I think our current economic situation is much like, in essence, the early 20th century when it took years for someone to actually figure out how the invention and taming of electric motors could be fully integrated into the factory and everyday life. It didn't happen overnight, although to those who were not aware (most people) it certainly seemed to have happened overnight, much as we seem to feel that the current revolution in technology is happening faster and faster, and seemingly overnight. The current computerization revolution started to pick up steam (and some would say democratization) in the early 90's and is now supercharging the economy in ways that we are not fully aware, as is evidenced by contradictory bits and pieces which we hear and read, and it seems that economic thinking is being turned on its head. The sages and experts and talking heads are, as Churchill said, 'planning for the last war', or, you might say, the last industrial revolution. We've yet to fully understand the dramatic changes being wrought in our world and how economics is being stood on its head. Call people like Elon Musk and others of his ilk 'crazy', but they could just as easily be viewed as visionary, but ahead of their time and understanding the revolution that is going on under our noses, with no real textbook theories or road maps to guide thinking.

And, if the above is basically true, then it stands to reason that the current economic march is not a 'Trump Bump', not a simplistic reasoning of tax cuts or regulatory loosening. It is quite possibly an unleashing of the American engine of free enterprise, and the economic miracle has nothing to do with who is in the White House. Think of Herbert Hoover, who had the bad luck of a stock market crash on his watch, the cause of which is still being argued about Jimmy Carter's debacle and electoral loss due to a 'misery index' actually began in 1965 when Lyndon Johnson stoked inflationary fires which Richard Nixon and Gerald Ford tried to quell with wage and price controls and 'WIN' buttons, and finally rolled into Carter's 19% interest rates and 12% inflation which he really had nothing to do with. The Clinton 'balanced budget' in 1994? Quite possibly a ten-year result of Reagan's 'voodoo economics of the '80s, while Obama had the misfortune of being elected just as the economy was being smashed due to years of profligate lending by banks in the early 2000's.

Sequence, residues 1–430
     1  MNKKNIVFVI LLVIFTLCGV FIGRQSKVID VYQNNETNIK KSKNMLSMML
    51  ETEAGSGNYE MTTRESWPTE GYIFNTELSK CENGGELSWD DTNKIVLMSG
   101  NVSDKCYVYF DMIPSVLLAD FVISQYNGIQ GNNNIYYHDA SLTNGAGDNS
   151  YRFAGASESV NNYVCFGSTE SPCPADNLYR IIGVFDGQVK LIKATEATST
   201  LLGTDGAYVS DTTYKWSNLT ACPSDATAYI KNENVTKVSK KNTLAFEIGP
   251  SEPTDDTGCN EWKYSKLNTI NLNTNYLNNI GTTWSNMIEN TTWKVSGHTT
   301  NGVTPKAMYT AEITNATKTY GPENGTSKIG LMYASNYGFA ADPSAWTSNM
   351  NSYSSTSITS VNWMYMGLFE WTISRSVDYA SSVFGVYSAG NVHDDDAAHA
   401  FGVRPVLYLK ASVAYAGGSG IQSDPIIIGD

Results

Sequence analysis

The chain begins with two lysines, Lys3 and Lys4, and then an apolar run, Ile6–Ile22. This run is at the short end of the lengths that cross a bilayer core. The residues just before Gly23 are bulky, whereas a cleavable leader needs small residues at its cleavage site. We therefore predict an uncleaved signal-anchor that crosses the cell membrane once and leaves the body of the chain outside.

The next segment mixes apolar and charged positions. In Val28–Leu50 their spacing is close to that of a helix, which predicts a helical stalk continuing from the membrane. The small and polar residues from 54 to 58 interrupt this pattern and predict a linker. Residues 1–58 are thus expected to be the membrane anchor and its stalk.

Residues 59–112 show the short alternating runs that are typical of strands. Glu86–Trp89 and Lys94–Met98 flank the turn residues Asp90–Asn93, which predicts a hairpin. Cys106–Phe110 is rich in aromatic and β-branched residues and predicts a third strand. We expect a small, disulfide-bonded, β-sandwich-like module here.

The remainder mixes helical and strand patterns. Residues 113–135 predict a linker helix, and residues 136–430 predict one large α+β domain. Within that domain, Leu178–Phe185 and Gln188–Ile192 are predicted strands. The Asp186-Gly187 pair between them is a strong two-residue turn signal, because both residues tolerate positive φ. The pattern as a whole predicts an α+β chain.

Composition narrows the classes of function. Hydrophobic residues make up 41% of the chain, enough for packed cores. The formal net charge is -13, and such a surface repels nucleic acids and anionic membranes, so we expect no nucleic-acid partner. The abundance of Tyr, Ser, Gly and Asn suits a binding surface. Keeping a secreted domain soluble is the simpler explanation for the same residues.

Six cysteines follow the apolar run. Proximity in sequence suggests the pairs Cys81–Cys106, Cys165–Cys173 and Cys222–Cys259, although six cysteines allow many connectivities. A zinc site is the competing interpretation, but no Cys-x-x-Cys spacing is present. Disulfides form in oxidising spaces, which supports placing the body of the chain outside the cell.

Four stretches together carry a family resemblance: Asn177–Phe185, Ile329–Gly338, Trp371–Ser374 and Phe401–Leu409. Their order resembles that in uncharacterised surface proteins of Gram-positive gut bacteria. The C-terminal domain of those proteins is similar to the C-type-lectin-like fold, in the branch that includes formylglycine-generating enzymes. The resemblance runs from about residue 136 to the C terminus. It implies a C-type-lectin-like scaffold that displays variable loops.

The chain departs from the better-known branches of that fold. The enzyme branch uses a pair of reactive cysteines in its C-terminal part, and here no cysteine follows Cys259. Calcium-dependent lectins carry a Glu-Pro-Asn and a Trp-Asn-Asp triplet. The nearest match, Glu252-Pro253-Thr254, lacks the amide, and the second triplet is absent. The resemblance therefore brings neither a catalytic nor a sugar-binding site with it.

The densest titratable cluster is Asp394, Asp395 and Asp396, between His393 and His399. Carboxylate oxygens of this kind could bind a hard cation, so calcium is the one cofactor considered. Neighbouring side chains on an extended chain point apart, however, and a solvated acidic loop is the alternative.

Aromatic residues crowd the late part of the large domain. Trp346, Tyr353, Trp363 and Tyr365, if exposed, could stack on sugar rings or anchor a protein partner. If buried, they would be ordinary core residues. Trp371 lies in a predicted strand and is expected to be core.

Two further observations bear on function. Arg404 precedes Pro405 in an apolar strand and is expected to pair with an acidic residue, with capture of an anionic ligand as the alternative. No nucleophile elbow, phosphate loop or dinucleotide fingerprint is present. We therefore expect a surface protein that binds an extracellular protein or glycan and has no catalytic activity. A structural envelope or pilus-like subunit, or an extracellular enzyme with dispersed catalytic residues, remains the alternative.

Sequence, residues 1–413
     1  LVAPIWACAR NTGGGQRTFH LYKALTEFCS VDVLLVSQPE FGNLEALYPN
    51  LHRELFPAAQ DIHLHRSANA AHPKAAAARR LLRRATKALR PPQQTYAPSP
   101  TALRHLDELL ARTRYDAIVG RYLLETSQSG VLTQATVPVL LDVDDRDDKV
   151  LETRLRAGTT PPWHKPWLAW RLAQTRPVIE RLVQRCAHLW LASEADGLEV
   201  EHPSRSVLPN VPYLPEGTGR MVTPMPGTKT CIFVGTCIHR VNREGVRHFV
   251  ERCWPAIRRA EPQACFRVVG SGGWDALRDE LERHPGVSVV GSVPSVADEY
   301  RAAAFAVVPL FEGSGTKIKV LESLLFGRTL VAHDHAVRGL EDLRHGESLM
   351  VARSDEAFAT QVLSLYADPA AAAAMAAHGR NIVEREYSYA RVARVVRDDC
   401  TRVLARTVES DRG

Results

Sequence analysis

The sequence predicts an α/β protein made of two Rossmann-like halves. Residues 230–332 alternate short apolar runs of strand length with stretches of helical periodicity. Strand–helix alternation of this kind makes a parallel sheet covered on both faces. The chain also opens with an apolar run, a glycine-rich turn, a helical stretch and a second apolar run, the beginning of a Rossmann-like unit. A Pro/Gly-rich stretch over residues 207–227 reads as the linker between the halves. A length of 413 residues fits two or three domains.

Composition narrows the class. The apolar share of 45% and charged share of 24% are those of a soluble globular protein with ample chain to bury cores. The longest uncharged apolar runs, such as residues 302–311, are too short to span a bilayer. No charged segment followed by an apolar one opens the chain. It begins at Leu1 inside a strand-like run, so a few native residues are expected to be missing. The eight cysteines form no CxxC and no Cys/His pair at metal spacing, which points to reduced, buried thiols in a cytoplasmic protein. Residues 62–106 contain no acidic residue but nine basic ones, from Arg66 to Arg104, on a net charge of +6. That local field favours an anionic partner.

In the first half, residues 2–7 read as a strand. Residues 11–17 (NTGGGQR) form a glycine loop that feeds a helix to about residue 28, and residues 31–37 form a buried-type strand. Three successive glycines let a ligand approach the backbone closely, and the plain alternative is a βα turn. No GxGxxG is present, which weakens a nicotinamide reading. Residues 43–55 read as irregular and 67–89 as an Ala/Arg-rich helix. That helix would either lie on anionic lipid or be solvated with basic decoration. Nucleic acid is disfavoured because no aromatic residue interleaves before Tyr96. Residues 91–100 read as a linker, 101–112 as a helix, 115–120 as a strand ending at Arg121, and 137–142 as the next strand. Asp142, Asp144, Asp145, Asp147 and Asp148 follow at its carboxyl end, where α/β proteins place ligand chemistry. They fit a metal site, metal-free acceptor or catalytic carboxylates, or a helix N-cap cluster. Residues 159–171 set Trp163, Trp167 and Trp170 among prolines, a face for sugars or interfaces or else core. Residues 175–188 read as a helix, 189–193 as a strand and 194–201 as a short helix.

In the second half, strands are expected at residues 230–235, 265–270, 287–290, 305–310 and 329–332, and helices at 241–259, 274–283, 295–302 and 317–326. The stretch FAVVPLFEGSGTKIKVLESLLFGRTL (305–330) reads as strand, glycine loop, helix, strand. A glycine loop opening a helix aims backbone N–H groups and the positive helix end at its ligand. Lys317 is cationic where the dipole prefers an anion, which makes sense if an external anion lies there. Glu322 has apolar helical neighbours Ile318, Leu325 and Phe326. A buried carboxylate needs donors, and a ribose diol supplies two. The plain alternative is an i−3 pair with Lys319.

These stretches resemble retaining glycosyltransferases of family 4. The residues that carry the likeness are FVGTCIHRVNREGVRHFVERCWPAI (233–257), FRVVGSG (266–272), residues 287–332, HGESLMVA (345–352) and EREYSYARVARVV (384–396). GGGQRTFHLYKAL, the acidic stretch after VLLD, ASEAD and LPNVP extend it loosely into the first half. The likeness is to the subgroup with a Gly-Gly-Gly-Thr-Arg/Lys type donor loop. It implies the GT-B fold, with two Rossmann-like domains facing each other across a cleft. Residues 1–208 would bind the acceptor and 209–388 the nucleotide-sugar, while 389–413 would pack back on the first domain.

What I'm trying to posit is an idea that Kurt Vonnegut once jokingly described as 'He (the president) thinks he's driving this big mother down the road' in reference to a president leading the American economy (all $50 trillion of it...). I think Trump has accidentally walked into what may be touted, in the very near future, as the third industrial revolution that has been developing and growing quietly, now explosively, since the early nineties when our current entrepreneurs and forward thinkers were in college dorms dreaming up what we now accept as 'the age of computers'. They might have been reading science fiction, but they were dreaming of a future with no known limits. And they certainly weren't paying attention to economists, theorists, and nay-sayers.

Let Trump tweet, let talking heads conjure and posit old ideas, let a group of presidential and congressional wanna-bees spout reasons (or cures) for what they perceive is the right or wrong course for the bustling economy, from tax cuts to confiscation of legitimately earned wealth, their perceptions of the right or wrong course for the economy, business and government.

But, if we're still planning for the last century while artificial intelligence and the 'new economy' continue to set the course in this still-new century, we won't see the future ahead. Maybe whoever it was who recently proposed a cabinet-level post of Department of the Future was correct and prescient. But, on the other hand...